East meets East in the unique sound of Ghazal
October 7, 2003
MIDDLEBURY, Vt.?Two distinct, ancient traditions will come together when Ghazal shares a unique musical dialogue of Indian and Persian sounds at 7:30 p.m., Sunday, Oct. 26, in the Middlebury College Center for the Arts Concert Hall.
World music fans will enjoy Ghazal, which pairs Iranian Kayhan Kalhor with Indian Shujaat Husain Khan. Kalhor plays an instrument called a kamancheh, a four-string cousin to the Western violin sometimes referred to as a Persian spike violin. Khan sings and plays a sitar, a precursor to the modern electric guitar. Accompanying them is Indian tabla player Sandeep Das.
While Western listeners became familiar with Indian classical music in the 1960s, Persian musical traditions have been less accessible to the outside world. Ghazal describes the two as musical cousins that trace their connection back to centuries of Moghul rule in northern India which left a strong Persian influence on Indian arts and culture. The term ghazal itself is found in both cultures: the Persian reference is a genre of poetry blending spirituality and carnal desires while the Indian term refers to a form of semi-classical love songs still popular today.
Improvisation is at the heart of both traditions and Ghazal likens its sound to a dialogue. "It's like meeting someone with no preconceived notions. Just as you talk, so we play," Khan said in a Toronto Star interview. "Ghazal suggests poetry, words. That's the one thing in common between us. There is an exchange of words, of a musical language."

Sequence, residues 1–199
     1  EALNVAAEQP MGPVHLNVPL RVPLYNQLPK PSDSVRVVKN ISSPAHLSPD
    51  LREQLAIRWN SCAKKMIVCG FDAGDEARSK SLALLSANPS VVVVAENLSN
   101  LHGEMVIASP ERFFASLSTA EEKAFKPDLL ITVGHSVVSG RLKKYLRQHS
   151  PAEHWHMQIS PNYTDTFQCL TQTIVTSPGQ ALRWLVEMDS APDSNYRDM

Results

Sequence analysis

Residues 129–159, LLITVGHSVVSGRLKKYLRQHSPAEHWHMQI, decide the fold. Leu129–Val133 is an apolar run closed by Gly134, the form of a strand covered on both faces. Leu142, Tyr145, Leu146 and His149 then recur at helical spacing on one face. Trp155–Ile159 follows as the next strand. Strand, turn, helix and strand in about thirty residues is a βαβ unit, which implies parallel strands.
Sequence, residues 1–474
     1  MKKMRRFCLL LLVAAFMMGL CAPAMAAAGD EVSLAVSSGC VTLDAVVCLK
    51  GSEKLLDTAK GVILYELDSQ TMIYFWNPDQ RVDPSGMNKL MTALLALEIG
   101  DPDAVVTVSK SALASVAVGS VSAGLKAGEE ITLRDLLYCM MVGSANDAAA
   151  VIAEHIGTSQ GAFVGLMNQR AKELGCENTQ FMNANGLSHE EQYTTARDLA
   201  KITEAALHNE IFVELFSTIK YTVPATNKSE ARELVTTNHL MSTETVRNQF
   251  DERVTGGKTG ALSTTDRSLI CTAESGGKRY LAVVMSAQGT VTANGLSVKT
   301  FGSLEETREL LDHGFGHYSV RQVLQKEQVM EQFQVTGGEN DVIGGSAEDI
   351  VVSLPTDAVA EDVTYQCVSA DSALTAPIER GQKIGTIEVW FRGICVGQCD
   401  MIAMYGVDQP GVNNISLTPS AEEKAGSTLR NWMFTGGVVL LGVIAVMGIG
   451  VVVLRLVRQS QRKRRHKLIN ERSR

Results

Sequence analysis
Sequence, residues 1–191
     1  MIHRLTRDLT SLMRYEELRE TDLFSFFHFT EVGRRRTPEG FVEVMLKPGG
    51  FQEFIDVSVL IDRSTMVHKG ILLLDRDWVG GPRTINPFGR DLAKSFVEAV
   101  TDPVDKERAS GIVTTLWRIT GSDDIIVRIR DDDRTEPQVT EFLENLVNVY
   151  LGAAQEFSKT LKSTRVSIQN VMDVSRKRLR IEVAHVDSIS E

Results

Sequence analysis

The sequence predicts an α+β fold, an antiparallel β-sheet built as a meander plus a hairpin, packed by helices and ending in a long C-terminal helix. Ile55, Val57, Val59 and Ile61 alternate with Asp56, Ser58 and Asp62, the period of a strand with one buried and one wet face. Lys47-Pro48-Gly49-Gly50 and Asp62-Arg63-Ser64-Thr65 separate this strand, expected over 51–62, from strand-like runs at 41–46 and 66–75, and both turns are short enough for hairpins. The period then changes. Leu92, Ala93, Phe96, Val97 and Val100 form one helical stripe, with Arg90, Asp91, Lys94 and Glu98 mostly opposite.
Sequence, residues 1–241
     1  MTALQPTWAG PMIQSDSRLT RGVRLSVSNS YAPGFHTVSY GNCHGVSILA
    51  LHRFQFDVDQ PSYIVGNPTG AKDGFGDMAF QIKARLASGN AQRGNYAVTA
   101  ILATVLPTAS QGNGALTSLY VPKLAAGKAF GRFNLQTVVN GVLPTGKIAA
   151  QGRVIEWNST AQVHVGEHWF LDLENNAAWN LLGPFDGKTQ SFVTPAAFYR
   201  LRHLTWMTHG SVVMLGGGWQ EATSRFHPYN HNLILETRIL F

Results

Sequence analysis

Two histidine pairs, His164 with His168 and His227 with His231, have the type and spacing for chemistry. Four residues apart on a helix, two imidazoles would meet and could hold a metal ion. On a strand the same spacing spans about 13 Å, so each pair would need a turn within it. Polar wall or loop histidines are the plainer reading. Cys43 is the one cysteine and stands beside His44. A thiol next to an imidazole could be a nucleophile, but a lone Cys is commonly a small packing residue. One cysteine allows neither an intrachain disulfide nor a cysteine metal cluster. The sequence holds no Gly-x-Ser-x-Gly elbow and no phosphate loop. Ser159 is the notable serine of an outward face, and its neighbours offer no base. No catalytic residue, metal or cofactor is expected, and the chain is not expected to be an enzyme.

Both Khan and Kalhor are masters of each of their genres, playing their native sounds since boyhood and winning honors for their solo efforts. Known in India as a virtuoso sitarist, Khan is descended from a long line of northern Indian or Hindustani sitar masters. His style of playing is called gayaki ang, which imitates the human voice. In 2001 he received India's highest award for a classical musician under age 45. He currently is a visiting professor at the University of California School of the Arts in Los Angeles.
Kalhor is a master kamancheh player who began his career at age seven and has performed with and composed for some of Iran's most prominent artists. He studied Western classical music in Rome and Ottawa. This year, he was nominated for the BBC Radio 3 Awards for World Music.
Das, the third member of the trio on this tour, is considered a rising star, accompanying a variety of musicians in India and abroad. He toured with Kalhor as part of cellist Yo-Yo Ma's Silk Road Project.
Ghazal's acclaim comes from its style, energy and spontaneity. The Los Angeles Times called the sound "utterly captivating," in a 1998 review. "Neither precisely Indian nor Persian . Kalhor and Khan blended into an irresistible expression of creative musical passion." Billboard magazine called it simply "world music at its best."
Khan and Kalhor began their collaborative relationship in 1997 with their first recording on the Shanachie label. Their current release is their first on ECM called "The Rain," a live recording of a 2001 concert in Bern, Switzerland.
Ghazal's performance is sponsored by two Middlebury College organizations?the Performing Arts Series and Brainerd Commons?as well as the Christian A. Johnson Foundation.
The Middlebury College Center for the Arts is on South Main Street (Route 30). Tickets are $12 for general admission and $10 for seniors. For tickets or information, call the College Box Office at 802-443-6433, or visit online at www.middlebury.edu/arts/.
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